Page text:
January is Thyroid Awareness Month. Some people may wonder when they see thyroid awareness, about radioactive iodine fall out. During the Cold War in the 1950's and early 1960s, the U.S. government conducted about one hundred atom bomb tests at a site in Nevada. The radioactive substances released by these tests are called "fallout". They were carried thousands of miles away from the test site by winds. As a result, people living in the United States at the time of the testing were exposed to varying levels of radiation. Radioactive iodine or I -131 is one of those radioactive substances.
I-131 collects in the thyroid gland. People exposed to I-131, especially during childhood, may have an increased risk of thyroid disease, including thyroid cancer. Thyroid cancer is usually a slow growing cancer that is highly treatable. About 95 of 100 people who are diagnosed with thyroid cancer survive at least five years after diagnosis.
It is important for people who grew up during the atomic bomb testing between 1951 and 1963 to be aware of risks. People younger than 15 at the time of the above ground testing (between 1951-1963) who drank milk, and lived in the Mountain West, Midwestern, Eastern and Northeastern United States, probably have a higher thyroid cancer risk from exposure to 1-131 than other people. Their thyroid glands were still developing during the testing period. And they were more likely to have consumed milk contaminated with I-131. Fresh milk from backyard or farm cows and goats usually contained more I-131 than store bought milk. That is because processing and shipping milk allowed more time for the I-131 to break down.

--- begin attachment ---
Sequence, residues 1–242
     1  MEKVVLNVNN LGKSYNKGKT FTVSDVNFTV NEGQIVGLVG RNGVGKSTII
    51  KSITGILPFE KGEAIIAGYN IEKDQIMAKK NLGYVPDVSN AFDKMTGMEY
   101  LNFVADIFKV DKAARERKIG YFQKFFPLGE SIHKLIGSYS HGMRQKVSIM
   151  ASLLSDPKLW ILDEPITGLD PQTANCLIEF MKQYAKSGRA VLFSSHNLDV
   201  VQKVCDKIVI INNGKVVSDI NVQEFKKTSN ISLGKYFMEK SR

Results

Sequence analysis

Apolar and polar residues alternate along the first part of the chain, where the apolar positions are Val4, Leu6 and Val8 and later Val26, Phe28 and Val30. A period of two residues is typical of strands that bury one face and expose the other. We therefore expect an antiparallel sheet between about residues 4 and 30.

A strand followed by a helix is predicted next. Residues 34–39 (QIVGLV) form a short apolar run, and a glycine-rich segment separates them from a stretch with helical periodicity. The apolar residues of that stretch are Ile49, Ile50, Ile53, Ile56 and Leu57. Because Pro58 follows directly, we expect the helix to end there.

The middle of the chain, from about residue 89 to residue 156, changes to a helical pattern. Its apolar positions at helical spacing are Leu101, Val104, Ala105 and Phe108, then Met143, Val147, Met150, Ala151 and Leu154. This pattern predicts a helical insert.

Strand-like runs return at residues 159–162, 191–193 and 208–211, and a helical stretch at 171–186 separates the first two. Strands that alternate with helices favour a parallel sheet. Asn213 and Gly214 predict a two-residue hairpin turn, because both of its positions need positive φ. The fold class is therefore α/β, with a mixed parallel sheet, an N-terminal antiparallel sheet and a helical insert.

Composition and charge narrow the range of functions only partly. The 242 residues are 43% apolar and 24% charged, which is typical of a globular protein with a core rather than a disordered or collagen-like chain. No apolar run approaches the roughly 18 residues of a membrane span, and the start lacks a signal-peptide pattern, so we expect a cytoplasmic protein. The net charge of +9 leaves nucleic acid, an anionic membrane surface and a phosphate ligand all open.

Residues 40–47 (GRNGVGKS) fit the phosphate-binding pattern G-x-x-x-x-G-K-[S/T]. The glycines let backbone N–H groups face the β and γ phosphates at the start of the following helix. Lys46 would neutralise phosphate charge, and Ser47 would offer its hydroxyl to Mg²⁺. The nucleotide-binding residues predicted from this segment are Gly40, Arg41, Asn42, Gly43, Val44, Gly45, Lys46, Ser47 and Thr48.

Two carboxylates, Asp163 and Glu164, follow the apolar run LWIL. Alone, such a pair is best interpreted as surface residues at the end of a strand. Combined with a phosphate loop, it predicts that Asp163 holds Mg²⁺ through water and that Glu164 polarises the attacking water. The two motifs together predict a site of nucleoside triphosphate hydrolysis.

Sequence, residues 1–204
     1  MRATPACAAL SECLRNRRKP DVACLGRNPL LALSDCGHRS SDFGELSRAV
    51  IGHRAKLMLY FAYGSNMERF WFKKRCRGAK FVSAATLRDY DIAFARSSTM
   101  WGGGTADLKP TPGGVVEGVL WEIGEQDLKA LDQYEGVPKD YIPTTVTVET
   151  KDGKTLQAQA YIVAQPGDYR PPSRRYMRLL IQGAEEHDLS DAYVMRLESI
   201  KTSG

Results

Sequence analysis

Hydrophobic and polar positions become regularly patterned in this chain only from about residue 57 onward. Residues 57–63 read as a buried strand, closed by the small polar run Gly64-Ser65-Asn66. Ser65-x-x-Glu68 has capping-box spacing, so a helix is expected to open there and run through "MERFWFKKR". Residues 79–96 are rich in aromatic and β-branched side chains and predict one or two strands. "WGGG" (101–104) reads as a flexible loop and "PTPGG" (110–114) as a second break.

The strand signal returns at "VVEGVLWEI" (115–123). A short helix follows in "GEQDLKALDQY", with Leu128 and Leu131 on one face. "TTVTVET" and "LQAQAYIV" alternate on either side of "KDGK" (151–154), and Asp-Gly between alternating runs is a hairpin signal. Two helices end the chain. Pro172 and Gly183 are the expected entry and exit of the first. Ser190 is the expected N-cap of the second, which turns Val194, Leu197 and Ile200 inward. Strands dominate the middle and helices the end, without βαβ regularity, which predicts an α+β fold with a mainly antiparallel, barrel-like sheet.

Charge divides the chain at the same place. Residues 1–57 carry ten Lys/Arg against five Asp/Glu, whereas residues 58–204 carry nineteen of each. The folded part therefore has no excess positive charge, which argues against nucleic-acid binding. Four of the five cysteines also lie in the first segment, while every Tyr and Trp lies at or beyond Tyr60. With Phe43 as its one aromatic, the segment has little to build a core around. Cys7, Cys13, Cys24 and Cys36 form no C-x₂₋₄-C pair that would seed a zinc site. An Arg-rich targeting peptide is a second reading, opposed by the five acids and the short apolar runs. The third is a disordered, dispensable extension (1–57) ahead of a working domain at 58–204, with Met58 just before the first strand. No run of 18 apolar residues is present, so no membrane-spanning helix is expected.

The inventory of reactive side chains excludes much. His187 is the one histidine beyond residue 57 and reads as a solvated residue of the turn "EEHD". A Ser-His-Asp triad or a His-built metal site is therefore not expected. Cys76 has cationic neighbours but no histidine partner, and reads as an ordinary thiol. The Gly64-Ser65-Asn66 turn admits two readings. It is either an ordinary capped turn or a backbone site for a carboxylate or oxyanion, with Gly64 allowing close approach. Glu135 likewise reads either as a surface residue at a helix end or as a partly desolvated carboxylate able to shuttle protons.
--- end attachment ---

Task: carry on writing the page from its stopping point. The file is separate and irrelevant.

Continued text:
The cause of most cases of thyroid cancer is not known. Exposure to I-131 can increase the risk of thyroid cancer. There is no specific symptom of thyroid cancer. Doctors screen for thyroid cancer by feeling the thyroid gland to check for a lump or nodule. Most thyroid nodules are not cancer, however.
If thyroid cancer is found, it is treated by thyroid removal. Those who have their thyroid removed will need to take thyroid hormone replacement pills for the rest of their lives. This is inconvenient and costly, but cancer survival rates are excellent.
Key facts to remember about I-131 and thyroid cancer:
- Exposure was highest in the first few days after each nuclear test explosion.
- Most exposure occurred through drinking fresh milk.
- People received little exposure from eating fruits and leafy vegetables as compared to drinking fresh milk because although I-131 was deposited on fruits and leafy vegetables, the fallout was deposited only on the surface; people generally wash or peel fruits and leafy vegetables.
- Thyroid cancer is uncommon, usually curable, and approximately 2-3 times more common in women.
For more information about any cancer concern, contact:
Cancer Information Service
Holden Comprehensive Cancer Center
UI Hospitals and Clinics
200 Hawkins Drive, 4802 JPP
Iowa City, Iowa 52242